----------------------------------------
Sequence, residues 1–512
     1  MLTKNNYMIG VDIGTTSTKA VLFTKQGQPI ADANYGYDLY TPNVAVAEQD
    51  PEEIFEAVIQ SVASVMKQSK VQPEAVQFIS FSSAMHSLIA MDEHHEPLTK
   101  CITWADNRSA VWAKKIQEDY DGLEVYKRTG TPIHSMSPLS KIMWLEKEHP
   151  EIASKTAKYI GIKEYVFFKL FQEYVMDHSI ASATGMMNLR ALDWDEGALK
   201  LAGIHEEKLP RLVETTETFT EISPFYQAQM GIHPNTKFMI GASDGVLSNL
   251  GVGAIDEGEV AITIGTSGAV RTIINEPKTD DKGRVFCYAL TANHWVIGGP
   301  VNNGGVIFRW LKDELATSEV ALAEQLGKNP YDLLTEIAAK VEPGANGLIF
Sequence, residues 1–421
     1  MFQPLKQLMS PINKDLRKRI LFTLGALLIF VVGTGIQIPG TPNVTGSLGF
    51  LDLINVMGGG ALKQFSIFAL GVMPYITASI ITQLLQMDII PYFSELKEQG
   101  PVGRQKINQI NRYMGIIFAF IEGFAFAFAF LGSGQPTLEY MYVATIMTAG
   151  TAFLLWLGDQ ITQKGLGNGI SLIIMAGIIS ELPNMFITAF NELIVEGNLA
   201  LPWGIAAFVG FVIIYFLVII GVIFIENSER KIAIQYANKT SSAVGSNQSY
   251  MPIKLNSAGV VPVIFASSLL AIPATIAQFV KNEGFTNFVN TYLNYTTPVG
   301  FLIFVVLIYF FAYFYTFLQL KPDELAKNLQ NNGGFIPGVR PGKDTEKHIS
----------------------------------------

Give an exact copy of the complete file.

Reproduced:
Sequence, residues 1–512
     1  MLTKNNYMIG VDIGTTSTKA VLFTKQGQPI ADANYGYDLY TPNVAVAEQD
    51  PEEIFEAVIQ SVASVMKQSK VQPEAVQFIS FSSAMHSLIA MDEHHEPLTK
   101  CITWADNRSA VWAKKIQEDY DGLEVYKRTG TPIHSMSPLS KIMWLEKEHP
   151  EIASKTAKYI GIKEYVFFKL FQEYVMDHSI ASATGMMNLR ALDWDEGALK
   201  LAGIHEEKLP RLVETTETFT EISPFYQAQM GIHPNTKFMI GASDGVLSNL
   251  GVGAIDEGEV AITIGTSGAV RTIINEPKTD DKGRVFCYAL TANHWVIGGP
   301  VNNGGVIFRW LKDELATSEV ALAEQLGKNP YDLLTEIAAK VEPGANGLIF
Sequence, residues 1–421
     1  MFQPLKQLMS PINKDLRKRI LFTLGALLIF VVGTGIQIPG TPNVTGSLGF
    51  LDLINVMGGG ALKQFSIFAL GVMPYITASI ITQLLQMDII PYFSELKEQG
   101  PVGRQKINQI NRYMGIIFAF IEGFAFAFAF LGSGQPTLEY MYVATIMTAG
   151  TAFLLWLGDQ ITQKGLGNGI SLIIMAGIIS ELPNMFITAF NELIVEGNLA
   201  LPWGIAAFVG FVIIYFLVII GVIFIENSER KIAIQYANKT SSAVGSNQSY
   251  MPIKLNSAGV VPVIFASSLL AIPATIAQFV KNEGFTNFVN TYLNYTTPVG
   301  FLIFVVLIYF FAYFYTFLQL KPDELAKNLQ NNGGFIPGVR PGKDTEKHIS